Muckerman: Themanufacturers turn to them,rather than trying to sell a product, they're selling a service.
Moser: Yeah. Andjust like we talked about before, I'llgo back to that Jeff Bezos quote wherehe talked about the toaster, you can just click and buy a toaster on Amazon and in less than a day, have a toaster at your doorstep, oryou could go buy a 3D printer, buyall of the things thatcomprise the toaster and then you print off the toaster, andthat's going to be pretty cool, it's probably going to take a while,it probably won't work as well --
Muckerman: And you'llburn your house down.
Moser: Yeah,maybe. There won't be a warranty on that toaster. So there's just no reasonto go through all of that other than to say, that'spretty cool technology. Like most things,like you said, follow the money. If this company isgoing to have the big money and the resources and the wherewithal to use those resources,they're going to.
Hill: In between the GEs and thosetypes of companiesspending and investing in this space, and using 3D printers, andpresumably at some point in the far future, whena lot of people have these in their homes, whenI think about an in-between step,I think about contractors. I think about people whose business is building homes. I thinkthat could be an intermediate step, whereyou see, whether it's through aHome Depotor on their own, if you see contractors saying, you know what? This isactually worth it to me,for the supplies that I'm using,I don't have to order and keep an inventory oflots of different sizes of screws and nails and whatever --
Muckerman: Pipe fittings, whatever, yeah.
Hill: Yeah. I can justcustomize what I need on the spot.
Moser: Themedical profession,I think that's another one where we'regoing to see more. Consumers aregoing to be the beneficiaries here, it'snot going to be something where you're going to go print off your hipreplacement. But there will be a company that's going to be able to do that infar less time for far less money. And so, yeah, again, youlook at the industries that are going to reallybenefit from this disruptive technology. It'snot quite like the internet, in thatthe internet has given us all of these opportunities in the public marketsbecause of the way it's disruptedvirtually everything we do. 3D printing technology iscertainly disruptive, but it'sjust not as disruptiveon the consumer front.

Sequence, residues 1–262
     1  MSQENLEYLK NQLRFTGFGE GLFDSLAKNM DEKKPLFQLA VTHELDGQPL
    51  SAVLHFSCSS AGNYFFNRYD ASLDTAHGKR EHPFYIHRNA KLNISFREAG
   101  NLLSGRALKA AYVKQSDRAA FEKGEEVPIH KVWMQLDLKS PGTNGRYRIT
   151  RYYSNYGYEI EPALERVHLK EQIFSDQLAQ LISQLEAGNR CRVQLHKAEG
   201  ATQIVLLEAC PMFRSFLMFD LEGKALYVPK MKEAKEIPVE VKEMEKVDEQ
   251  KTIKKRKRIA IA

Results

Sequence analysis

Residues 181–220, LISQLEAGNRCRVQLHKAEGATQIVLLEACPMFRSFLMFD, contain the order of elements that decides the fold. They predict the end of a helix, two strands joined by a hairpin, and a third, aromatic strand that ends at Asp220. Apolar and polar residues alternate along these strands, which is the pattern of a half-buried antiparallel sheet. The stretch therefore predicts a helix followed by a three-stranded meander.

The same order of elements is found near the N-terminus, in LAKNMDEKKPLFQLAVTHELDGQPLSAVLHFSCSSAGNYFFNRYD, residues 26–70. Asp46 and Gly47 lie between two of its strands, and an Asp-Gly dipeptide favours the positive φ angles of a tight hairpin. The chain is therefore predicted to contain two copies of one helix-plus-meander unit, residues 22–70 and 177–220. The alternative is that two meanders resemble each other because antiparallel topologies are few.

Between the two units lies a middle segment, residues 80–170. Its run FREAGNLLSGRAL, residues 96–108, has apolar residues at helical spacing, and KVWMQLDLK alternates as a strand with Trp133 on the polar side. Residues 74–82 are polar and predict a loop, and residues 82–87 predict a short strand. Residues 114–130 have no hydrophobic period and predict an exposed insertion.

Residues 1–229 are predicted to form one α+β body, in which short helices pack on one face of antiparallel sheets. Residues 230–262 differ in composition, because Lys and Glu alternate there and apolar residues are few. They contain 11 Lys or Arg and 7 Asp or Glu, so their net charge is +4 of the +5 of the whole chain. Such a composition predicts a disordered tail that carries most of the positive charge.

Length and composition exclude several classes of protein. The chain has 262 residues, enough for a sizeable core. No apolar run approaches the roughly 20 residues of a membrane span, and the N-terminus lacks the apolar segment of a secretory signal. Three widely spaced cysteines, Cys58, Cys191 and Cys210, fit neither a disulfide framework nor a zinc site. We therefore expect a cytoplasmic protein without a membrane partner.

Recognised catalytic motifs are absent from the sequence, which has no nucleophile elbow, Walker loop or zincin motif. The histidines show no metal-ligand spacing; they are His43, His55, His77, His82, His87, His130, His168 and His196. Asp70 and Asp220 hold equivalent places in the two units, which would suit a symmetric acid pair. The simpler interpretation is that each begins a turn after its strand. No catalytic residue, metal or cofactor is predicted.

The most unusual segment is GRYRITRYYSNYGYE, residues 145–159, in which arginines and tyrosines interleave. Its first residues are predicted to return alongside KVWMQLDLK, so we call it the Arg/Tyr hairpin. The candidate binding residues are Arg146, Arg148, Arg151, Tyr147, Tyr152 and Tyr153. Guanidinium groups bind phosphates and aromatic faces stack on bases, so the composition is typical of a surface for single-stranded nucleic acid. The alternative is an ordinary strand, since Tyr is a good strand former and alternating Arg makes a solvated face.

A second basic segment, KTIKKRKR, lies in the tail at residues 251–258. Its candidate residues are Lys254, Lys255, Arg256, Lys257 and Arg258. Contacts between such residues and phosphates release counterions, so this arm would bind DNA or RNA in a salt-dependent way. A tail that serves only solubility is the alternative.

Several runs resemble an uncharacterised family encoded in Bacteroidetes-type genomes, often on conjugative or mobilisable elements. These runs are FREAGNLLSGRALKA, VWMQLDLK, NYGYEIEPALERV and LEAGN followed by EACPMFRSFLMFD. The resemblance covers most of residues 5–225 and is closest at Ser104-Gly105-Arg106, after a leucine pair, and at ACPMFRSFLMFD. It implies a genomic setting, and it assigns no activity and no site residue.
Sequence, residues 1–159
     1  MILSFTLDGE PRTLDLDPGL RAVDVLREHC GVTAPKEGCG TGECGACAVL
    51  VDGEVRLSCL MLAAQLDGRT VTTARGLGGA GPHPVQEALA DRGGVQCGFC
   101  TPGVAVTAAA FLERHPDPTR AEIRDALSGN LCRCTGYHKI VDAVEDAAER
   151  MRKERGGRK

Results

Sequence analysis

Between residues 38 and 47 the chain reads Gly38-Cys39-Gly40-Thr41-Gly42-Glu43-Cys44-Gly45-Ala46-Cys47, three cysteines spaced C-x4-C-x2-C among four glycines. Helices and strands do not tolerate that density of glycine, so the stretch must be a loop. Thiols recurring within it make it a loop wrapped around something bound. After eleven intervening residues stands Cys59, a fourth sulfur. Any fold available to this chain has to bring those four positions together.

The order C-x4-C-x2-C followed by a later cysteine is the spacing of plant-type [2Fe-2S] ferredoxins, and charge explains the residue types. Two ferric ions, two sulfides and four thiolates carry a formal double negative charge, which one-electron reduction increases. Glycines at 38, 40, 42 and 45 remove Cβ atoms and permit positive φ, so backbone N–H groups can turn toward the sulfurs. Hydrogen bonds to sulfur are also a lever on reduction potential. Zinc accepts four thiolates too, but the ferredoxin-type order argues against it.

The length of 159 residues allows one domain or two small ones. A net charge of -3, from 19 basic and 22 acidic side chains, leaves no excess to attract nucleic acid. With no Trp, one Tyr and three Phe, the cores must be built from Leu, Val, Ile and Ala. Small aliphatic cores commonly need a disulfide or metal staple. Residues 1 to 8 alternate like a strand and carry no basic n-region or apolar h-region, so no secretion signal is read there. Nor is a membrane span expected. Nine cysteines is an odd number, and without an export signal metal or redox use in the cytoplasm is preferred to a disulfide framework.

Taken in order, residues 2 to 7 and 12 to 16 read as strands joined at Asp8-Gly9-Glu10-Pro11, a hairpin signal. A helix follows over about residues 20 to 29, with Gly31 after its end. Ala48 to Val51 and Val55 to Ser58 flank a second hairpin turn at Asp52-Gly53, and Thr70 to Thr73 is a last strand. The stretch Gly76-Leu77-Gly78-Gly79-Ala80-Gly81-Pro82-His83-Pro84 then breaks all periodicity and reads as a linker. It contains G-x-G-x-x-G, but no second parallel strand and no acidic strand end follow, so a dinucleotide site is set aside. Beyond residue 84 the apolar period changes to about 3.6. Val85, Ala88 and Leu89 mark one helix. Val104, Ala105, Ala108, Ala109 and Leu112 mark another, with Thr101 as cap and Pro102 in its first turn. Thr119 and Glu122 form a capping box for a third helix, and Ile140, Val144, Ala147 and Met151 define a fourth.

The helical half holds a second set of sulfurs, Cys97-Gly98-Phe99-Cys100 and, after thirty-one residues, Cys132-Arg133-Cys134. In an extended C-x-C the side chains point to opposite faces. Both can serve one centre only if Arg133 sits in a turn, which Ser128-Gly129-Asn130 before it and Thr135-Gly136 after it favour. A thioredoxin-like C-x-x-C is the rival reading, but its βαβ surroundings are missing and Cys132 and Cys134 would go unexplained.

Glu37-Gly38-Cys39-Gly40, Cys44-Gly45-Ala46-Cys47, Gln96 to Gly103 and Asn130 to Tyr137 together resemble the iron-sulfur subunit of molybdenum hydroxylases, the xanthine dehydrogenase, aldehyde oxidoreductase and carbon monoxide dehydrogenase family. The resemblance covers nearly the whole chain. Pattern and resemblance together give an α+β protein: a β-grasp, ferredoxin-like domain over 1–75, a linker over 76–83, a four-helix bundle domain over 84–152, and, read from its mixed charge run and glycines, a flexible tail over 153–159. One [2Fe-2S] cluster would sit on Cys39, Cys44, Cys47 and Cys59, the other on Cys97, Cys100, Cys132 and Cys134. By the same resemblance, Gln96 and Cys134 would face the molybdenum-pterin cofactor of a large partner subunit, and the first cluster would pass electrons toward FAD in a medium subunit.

Hill: Email fromAxel Brucknerin Germany: "Iheard you speaking recently about good indicators for a strong U.S.housing market in the future, soI'm curious how you would evaluateFannie MaeandFreddie Mac. The upside for these stocks seemstremendous compared to the risk." What do you think, Jason?
Moser: I wouldactually probably beg to differ there.I guess, maybe, he's thinkingupside compared to risk, and risk meaning that these arecompanies that are more or less underwritten by the U.S. government. So, yeah,from that perspective, the risk is, generally speaking,probably pretty low. But I thinkunderstanding what these companies do, they make their money from, essentially, fees and net interestmargins, so they're more or less like a bank. But they're not stocks that trade on any underlying businessfundamentals. I think they tend to trade more on who's in office, and whatcourt ruling recently wentin their favor or in someone else's favor. So to me, they're not reallybusinesses as much as they are necessaryentities, and we're trying to figure out where they fit in our housing market going forward. Because clearly,something went wrong not too terribly long ago. I thinkwhen we look at housing in general, the housing opportunity for investors is absolutely a must in the portfolio. You look at that as one of the biggerpicture plays that you need to havein your portfolio one way or another. I would not look at one of these twobusinesses as a way to do that.I think if you're concerned with one of these businesses,I don't know why you wouldn't just pick a big bank,because then at least you have a bank that'sgoing to be based on profits, and you'regoing to see dividends, and stocks that tradea bit more on fundamentals. But I think the opportunity is there. If you look at home ownership rate here,going back to 2005, right about when it peaked,it's been on a pretty steady decline since then.
Muckerman: Slow, yeah.